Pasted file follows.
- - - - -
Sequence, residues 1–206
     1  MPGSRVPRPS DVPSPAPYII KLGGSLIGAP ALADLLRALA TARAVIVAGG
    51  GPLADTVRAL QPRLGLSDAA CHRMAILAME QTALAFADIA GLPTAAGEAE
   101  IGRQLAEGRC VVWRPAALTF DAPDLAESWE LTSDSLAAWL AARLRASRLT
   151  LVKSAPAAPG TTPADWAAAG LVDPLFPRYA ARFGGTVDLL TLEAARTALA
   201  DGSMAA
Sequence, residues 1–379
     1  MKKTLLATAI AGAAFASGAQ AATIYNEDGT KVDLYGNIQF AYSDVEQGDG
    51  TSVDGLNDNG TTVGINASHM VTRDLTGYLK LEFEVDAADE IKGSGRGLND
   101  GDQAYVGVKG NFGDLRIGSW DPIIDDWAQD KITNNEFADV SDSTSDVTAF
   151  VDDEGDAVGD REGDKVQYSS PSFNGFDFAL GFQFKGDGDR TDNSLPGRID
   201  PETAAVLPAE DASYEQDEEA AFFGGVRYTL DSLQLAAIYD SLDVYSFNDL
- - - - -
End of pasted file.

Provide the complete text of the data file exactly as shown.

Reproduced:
Sequence, residues 1–206
     1  MPGSRVPRPS DVPSPAPYII KLGGSLIGAP ALADLLRALA TARAVIVAGG
    51  GPLADTVRAL QPRLGLSDAA CHRMAILAME QTALAFADIA GLPTAAGEAE
   101  IGRQLAEGRC VVWRPAALTF DAPDLAESWE LTSDSLAAWL AARLRASRLT
   151  LVKSAPAAPG TTPADWAAAG LVDPLFPRYA ARFGGTVDLL TLEAARTALA
   201  DGSMAA
Sequence, residues 1–379
     1  MKKTLLATAI AGAAFASGAQ AATIYNEDGT KVDLYGNIQF AYSDVEQGDG
    51  TSVDGLNDNG TTVGINASHM VTRDLTGYLK LEFEVDAADE IKGSGRGLND
   101  GDQAYVGVKG NFGDLRIGSW DPIIDDWAQD KITNNEFADV SDSTSDVTAF
   151  VDDEGDAVGD REGDKVQYSS PSFNGFDFAL GFQFKGDGDR TDNSLPGRID
   201  PETAAVLPAE DASYEQDEEA AFFGGVRYTL DSLQLAAIYD SLDVYSFNDL